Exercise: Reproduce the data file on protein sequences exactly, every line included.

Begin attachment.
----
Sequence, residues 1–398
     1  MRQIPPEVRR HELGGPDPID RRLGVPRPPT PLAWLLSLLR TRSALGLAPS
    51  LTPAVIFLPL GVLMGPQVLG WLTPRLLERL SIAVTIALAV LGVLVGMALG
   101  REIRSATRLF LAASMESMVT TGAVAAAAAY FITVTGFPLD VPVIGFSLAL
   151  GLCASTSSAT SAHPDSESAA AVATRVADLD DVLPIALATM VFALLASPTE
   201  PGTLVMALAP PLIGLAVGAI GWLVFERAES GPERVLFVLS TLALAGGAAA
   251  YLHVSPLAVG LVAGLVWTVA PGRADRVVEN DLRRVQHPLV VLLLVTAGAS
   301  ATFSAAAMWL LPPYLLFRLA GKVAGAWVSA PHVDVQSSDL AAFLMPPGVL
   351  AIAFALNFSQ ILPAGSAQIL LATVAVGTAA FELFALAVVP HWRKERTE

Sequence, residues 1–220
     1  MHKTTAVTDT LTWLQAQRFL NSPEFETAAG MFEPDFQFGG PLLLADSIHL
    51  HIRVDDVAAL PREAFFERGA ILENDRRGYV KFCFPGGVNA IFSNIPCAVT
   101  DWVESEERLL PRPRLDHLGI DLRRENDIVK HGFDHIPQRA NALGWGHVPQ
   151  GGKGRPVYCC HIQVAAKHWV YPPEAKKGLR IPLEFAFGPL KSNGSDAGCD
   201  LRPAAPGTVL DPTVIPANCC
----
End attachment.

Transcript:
Sequence, residues 1–398
     1  MRQIPPEVRR HELGGPDPID RRLGVPRPPT PLAWLLSLLR TRSALGLAPS
    51  LTPAVIFLPL GVLMGPQVLG WLTPRLLERL SIAVTIALAV LGVLVGMALG
   101  REIRSATRLF LAASMESMVT TGAVAAAAAY FITVTGFPLD VPVIGFSLAL
   151  GLCASTSSAT SAHPDSESAA AVATRVADLD DVLPIALATM VFALLASPTE
   201  PGTLVMALAP PLIGLAVGAI GWLVFERAES GPERVLFVLS TLALAGGAAA
   251  YLHVSPLAVG LVAGLVWTVA PGRADRVVEN DLRRVQHPLV VLLLVTAGAS
   301  ATFSAAAMWL LPPYLLFRLA GKVAGAWVSA PHVDVQSSDL AAFLMPPGVL
   351  AIAFALNFSQ ILPAGSAQIL LATVAVGTAA FELFALAVVP HWRKERTE

Sequence, residues 1–220
     1  MHKTTAVTDT LTWLQAQRFL NSPEFETAAG MFEPDFQFGG PLLLADSIHL
    51  HIRVDDVAAL PREAFFERGA ILENDRRGYV KFCFPGGVNA IFSNIPCAVT
   101  DWVESEERLL PRPRLDHLGI DLRRENDIVK HGFDHIPQRA NALGWGHVPQ
   151  GGKGRPVYCC HIQVAAKHWV YPPEAKKGLR IPLEFAFGPL KSNGSDAGCD
   201  LRPAAPGTVL DPTVIPANCC